Ronnie Lane, 1946-1997
Q, August 1997
Q Web Page
Ronnie Lane, who died in Colorado, June 4, aged 51, after a long struggle with multiple sclerosis, was, like the rest of the Small Faces, born and bred in Stepney, yet his career was marked by a wilful progress towards a strikingly pastoral vision of rock music. His rustic tone was set by 1968's Song of a Baker, one of the high points on the Small Faces' Ogden's Nut Gone Flake and, by the mid-1970s, Lane was living in a caravan and writing such folksome songs as The Poacher (recently revived on the stage by Paul Weller and Ocean Colour Scene). He came as close to the timeless noise that Bob Dylan once termed the Wild Mercury Sound as any British musician has managed.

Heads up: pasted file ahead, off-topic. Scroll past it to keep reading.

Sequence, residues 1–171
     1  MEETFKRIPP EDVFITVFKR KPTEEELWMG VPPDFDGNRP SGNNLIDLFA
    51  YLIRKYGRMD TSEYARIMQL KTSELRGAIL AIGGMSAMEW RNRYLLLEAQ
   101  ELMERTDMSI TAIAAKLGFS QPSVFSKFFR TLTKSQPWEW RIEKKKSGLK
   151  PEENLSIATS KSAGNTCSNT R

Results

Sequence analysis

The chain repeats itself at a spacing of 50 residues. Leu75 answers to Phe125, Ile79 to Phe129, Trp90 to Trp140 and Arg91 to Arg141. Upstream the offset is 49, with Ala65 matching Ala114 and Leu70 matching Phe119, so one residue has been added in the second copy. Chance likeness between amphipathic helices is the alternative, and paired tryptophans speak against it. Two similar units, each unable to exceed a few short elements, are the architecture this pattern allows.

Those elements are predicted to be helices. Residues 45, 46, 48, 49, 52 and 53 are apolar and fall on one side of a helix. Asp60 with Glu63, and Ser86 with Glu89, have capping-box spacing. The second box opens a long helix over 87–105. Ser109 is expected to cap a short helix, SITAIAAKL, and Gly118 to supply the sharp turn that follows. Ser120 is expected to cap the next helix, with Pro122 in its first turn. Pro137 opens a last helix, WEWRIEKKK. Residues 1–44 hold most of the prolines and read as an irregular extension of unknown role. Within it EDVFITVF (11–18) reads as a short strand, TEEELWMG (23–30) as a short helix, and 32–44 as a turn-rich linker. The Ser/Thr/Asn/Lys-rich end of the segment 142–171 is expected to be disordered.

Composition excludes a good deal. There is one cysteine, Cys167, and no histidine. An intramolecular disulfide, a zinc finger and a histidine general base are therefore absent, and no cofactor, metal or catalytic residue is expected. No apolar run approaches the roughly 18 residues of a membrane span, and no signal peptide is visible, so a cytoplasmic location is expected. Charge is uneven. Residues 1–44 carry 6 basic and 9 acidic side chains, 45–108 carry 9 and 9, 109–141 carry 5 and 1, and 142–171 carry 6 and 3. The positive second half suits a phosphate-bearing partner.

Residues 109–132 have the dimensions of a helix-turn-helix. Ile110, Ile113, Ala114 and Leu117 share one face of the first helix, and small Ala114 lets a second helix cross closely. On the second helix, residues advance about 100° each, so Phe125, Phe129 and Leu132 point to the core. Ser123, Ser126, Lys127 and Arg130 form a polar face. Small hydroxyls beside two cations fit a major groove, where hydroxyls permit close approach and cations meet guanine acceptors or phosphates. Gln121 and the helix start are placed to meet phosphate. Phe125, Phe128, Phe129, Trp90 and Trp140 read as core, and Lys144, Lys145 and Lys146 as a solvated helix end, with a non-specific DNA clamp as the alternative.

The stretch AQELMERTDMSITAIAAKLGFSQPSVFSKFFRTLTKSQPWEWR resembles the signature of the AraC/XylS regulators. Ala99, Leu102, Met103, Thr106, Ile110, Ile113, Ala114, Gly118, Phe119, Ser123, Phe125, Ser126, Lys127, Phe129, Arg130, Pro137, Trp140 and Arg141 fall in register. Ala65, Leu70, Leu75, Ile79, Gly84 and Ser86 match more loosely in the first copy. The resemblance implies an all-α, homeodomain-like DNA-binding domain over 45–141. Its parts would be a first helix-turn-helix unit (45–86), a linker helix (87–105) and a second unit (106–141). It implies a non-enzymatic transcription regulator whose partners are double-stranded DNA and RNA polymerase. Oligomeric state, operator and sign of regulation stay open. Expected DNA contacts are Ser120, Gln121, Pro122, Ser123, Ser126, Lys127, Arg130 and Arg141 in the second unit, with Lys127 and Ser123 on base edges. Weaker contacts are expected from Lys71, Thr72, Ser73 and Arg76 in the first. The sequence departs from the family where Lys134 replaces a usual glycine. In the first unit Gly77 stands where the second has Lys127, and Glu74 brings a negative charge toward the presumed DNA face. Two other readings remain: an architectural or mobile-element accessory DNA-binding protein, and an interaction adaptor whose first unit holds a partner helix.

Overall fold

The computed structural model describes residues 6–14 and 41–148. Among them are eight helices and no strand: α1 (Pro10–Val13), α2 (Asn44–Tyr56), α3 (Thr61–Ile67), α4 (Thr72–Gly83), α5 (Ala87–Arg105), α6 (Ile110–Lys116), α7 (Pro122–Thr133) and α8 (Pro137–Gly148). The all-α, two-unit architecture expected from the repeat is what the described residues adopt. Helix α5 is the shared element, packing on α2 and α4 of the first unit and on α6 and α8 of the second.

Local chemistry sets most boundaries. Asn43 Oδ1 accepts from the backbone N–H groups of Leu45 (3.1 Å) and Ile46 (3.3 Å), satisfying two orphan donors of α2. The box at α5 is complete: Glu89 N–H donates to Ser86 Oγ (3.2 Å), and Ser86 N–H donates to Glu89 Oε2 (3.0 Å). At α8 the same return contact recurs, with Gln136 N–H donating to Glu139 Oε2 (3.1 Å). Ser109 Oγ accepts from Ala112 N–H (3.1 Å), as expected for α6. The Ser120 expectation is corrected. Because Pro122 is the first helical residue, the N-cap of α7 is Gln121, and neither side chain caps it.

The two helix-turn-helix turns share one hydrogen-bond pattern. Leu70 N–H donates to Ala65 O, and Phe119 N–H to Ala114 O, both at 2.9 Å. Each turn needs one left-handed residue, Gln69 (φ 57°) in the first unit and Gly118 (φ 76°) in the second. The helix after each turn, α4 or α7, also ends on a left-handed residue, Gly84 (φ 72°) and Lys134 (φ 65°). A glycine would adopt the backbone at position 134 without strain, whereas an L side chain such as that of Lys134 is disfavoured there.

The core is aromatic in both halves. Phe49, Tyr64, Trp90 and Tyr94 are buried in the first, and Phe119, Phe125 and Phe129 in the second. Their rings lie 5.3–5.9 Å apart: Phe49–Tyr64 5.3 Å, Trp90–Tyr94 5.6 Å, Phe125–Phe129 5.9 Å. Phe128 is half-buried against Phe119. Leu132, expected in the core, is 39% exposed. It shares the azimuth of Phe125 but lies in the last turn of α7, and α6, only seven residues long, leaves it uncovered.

Prior to that he was Steve Marriott's creative partner, co-writing the lion's share of the Small Faces' canon and then moving on (with Ian McLagan and Kenney Jones) to The Faces, where his talent for lovelorn introspection formed a counterpoint to the band's more bawdy moments. The came Ronnie Lane's Slim Chance, the realisation of his downhome musical vision, and - by the late 1970s - the painful onset of multiple sclerosis.
He has long deserved the kind of anthology that would demonstrate his unique contribution to the development of post-'60s rock. "He was an elf," McLagan once said. "An elf who happened to be born in London."
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Last updated: 6 July 1997
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